"And what’s true in England is true in Scotland too. While Nicola Sturgeon likes to pat her administration on its back, the truth is that cases are rising there too, and the death total is still worse than just about everywhere else in Europe. Having marginally better outcomes and considerably better communication skills than London is nothing much to write home about."
Of course there's a grain of truth in that - over the entire course of the pandemic to date, Scotland can be reasonably said to have had a poor outcome by international standards. But what that doesn't tell you is more important than what it does. The vast bulk of infections and deaths were front-loaded in the early part of the crisis when Scotland was in almost total lockstep with the Westminster-led "Four Nations" approach. The modelling suggests that almost 100,000 people were infected in Scotland the week before lockdown - that's nearly 2% of the entire population in just seven days. I personally know people who were infected that week, and probably most of us do. That was being allowed to happen by an intentional policy choice of herd immunity.
At some point, the penny dropped in Scottish Government circles that we were not in fact facing the "mild infection" that the likes of Chris Whitty and Patrick Vallance had briefed them about, and as a result Scotland has diverged sharply from the policy south of the border. To the best of my knowledge, the extent of the U-turn has never been publicly acknowledged, but it's been almost total. We've gone from Jason Leitch saying in his Grand Complacency Tour of the TV studios in February/March that almost everyone was going to get the virus and that was totes fine, to a specific goal of eliminating the virus completely.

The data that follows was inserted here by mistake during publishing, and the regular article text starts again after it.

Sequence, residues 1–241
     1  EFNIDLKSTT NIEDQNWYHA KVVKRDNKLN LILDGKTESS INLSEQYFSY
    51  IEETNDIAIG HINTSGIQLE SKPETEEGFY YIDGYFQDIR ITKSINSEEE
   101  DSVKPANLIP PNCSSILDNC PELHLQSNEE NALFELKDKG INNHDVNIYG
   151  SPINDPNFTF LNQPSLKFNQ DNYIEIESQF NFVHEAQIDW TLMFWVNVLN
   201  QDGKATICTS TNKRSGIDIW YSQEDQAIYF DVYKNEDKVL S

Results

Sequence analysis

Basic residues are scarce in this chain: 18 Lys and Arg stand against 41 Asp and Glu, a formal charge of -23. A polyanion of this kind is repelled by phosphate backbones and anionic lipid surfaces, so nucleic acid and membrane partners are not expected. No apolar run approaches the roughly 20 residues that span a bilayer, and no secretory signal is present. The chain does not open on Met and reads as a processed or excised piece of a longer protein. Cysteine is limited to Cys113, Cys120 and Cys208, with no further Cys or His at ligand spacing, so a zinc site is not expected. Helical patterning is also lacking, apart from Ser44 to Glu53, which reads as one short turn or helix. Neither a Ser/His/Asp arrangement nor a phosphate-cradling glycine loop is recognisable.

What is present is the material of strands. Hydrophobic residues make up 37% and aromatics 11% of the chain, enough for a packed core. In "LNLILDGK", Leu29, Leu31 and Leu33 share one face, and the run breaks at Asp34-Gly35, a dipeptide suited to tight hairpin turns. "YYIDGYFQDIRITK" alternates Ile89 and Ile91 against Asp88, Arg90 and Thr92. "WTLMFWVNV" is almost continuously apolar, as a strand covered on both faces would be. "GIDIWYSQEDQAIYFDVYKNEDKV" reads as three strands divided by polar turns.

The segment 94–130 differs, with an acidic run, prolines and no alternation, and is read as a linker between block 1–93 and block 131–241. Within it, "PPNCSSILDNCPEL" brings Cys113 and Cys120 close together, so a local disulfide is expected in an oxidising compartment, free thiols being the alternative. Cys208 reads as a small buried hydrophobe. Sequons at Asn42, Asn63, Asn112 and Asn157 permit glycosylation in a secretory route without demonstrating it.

That hasn't left us with merely a difference of "communication" styles between Scotland and England (although the communication in Scotland has self-evidently been vastly superior), but a difference of substance. And that divergence hasn't just led to "marginally better outcomes" as David suggests, but to dramatically better outcomes. He's correct that case numbers in Scotland rose on Friday to their highest level for two months - but that was a rise of 30. That's still well behind England on a per capita basis.
That said, past performance is no guarantee of future results, and Scotland's success story is about to be tested as never before by the gamble of opening schools on a full-time basis in a matter of days from now. It's ironic, then, that David's piece is a call for the reopening of schools to be prioritised.
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As an ordinary member of the SNP I'm a little disturbed that all my knowledge of the decisions made at Friday's NEC meeting has been acquired through leaks from the NEC to Twitter.— Martin MacDonald (@Innealadair) August 1, 2020
This is open to interpretation, but I'm guessing it means the leadership at least accept that what happened to James Dornan went too far. If that's going to be reconsidered it would be a welcome step forward.https://t.co/dtBaGUY3KI— James Kelly (@JamesKelly) August 1, 2020
Whatever happens, SNP members need to think carefully about the composition of the NEC going forward. It's hard to see how those decisions would ever have been reached by a body that was mainly concerned with the best interests of the party, rather than with factional interests.— James Kelly (@JamesKelly) August 1, 2020
Too many groups have a designated delegate on the Committee - for something as important as the NEC it should be smaller with proper, contested elections for every single seat.— Bonnar (@UndauntableThot) August 1, 2020